Functions of a Concept Paper

In addition to being an “accompaniment” to a full-blown research, the concept paper explains what the project is about. It also explains the reason for conducting the project and how it will be carried out. Perhaps because it contains some parts found in a research paper, it is sometimes mistaken for a full-length research paper. However, you should be careful to make the distinction between the two. A concept paper is merely a “prelude” to the research you intend to carry. In explaining the what, why, and how of your intended project, you are defining your concept. Think of it as your plan of action, your vision, the preliminary phase of your research project. As the preliminary version of your research project, your concept paper’s aim should be clear: to gain the approval of important stakeholders so you can proceed and carry out your research project.

In the sample concept paper, the concept was introduced by giving background information about the topic. The introductory idea also took the form of the topic’s significance and the perceived need for it. The sample concept paper also includes information about the aims of the project and why it is important to conduct it. This information is contained in the expected outcomes. This part is meant to convince the research adviser or the head of the funding agency to approve it.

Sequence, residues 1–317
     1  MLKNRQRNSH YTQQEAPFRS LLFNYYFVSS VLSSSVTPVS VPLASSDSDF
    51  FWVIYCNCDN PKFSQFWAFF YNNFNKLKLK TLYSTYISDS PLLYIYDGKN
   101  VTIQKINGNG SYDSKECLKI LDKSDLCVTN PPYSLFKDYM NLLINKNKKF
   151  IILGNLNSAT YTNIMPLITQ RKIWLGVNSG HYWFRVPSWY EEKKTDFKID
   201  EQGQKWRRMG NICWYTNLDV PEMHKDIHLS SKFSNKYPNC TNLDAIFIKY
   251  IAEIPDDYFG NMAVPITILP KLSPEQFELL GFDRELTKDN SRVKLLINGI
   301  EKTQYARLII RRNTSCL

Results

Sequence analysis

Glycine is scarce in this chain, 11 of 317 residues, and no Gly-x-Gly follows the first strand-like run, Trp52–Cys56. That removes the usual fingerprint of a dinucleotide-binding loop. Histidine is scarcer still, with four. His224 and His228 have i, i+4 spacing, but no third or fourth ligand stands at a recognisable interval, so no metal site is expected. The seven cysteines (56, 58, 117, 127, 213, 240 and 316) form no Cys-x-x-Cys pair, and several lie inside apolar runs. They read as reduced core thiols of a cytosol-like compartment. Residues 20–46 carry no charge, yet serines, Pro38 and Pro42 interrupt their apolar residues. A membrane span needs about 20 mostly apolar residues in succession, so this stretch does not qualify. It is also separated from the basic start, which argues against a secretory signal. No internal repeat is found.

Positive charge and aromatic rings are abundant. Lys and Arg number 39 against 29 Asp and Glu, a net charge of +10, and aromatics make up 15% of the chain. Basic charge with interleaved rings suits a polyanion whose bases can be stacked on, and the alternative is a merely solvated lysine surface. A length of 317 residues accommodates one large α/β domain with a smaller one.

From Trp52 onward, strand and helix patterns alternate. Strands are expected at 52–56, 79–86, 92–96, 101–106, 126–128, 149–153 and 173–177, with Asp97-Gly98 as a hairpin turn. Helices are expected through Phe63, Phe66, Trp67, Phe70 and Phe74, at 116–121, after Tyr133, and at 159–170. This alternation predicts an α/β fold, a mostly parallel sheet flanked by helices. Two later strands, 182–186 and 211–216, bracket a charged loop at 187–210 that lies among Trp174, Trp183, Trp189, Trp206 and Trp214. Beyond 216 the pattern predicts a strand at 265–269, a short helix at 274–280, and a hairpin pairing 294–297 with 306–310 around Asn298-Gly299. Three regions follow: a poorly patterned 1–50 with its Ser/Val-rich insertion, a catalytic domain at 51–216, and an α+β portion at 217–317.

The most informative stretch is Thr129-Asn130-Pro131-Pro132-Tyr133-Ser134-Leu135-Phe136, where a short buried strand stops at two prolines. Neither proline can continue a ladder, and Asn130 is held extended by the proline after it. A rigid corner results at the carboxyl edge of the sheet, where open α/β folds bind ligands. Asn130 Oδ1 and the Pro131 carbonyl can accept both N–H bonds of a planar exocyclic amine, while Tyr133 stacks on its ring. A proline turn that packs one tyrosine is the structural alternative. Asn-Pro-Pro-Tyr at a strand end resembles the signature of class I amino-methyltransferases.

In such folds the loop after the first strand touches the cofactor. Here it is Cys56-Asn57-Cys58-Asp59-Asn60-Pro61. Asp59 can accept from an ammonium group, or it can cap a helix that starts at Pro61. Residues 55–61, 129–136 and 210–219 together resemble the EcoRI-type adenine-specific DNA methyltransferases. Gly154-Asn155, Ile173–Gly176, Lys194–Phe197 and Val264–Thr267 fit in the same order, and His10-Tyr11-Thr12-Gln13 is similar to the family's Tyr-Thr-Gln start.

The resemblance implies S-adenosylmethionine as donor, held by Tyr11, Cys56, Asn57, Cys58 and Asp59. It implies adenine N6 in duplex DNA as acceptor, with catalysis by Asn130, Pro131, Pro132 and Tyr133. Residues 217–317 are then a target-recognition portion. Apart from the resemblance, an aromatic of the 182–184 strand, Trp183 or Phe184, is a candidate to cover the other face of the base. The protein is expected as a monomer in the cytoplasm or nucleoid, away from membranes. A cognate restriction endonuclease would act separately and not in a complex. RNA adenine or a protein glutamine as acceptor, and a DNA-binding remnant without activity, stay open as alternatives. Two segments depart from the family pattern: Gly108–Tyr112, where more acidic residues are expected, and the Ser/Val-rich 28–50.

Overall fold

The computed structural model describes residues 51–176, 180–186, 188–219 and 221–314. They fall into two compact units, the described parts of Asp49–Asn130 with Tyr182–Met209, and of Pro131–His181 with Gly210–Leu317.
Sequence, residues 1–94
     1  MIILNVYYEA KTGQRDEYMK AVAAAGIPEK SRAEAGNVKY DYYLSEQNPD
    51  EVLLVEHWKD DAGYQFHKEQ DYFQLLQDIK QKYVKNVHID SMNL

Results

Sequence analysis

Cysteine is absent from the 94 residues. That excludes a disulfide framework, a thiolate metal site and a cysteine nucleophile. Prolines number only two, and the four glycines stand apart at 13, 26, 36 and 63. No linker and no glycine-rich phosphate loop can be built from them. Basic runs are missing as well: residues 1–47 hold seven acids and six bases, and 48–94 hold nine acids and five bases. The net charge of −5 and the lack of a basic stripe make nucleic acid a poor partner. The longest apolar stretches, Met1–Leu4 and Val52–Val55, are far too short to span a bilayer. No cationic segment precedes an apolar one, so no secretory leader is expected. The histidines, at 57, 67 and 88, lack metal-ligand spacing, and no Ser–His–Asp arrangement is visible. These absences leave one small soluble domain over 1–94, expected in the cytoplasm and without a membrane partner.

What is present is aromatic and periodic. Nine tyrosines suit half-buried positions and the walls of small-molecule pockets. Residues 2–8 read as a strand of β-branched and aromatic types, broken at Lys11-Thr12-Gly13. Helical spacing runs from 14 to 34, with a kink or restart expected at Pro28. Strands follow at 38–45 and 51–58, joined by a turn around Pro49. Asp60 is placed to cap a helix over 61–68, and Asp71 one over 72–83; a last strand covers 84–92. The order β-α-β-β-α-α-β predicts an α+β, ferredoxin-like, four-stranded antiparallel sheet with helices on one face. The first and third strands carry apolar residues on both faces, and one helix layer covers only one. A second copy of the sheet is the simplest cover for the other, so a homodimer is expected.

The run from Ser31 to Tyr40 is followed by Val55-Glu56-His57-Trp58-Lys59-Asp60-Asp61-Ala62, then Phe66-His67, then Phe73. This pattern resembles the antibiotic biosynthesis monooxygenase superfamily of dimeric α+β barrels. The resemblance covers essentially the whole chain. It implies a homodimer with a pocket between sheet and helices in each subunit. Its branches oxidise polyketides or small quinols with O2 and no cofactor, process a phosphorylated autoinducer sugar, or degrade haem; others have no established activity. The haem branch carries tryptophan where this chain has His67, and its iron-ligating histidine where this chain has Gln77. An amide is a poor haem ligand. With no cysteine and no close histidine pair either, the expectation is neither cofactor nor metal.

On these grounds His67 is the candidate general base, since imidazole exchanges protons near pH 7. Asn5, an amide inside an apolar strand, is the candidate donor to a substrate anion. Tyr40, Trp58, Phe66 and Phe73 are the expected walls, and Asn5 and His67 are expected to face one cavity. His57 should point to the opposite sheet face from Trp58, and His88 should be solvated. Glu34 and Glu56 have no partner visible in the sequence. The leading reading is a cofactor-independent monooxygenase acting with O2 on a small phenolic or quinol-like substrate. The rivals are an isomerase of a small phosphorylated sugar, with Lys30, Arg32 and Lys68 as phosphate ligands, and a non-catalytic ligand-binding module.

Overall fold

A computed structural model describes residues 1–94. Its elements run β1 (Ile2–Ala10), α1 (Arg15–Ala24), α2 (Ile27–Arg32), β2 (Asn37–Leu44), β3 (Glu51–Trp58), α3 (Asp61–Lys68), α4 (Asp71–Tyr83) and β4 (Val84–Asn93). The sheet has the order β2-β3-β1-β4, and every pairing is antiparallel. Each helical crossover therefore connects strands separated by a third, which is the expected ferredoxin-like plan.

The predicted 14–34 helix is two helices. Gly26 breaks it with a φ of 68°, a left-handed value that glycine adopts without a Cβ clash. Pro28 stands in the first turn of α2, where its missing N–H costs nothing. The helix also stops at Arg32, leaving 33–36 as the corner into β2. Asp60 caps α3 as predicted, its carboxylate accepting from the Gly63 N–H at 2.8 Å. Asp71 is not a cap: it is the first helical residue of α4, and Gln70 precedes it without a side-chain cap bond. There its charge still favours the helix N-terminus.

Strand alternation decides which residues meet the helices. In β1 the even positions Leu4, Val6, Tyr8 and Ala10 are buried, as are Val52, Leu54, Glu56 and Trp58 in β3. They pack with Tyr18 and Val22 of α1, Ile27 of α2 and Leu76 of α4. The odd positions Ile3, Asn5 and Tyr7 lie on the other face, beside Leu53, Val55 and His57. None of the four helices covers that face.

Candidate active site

Another basic information that you should include in the concept paper is the manner of implementation, or how you will carry out the project. Readers of your research—including your research adviser and possibly the head of the funding agency—need to be convinced of the viability of your project or the likelihood that your project will meet the expected outcome/s at the designed time. The information you will include in this section is just as important as the Introduction and Objectives section because this is where you convince your reader that you have planned out your project so well that you can envision when you will start and complete it.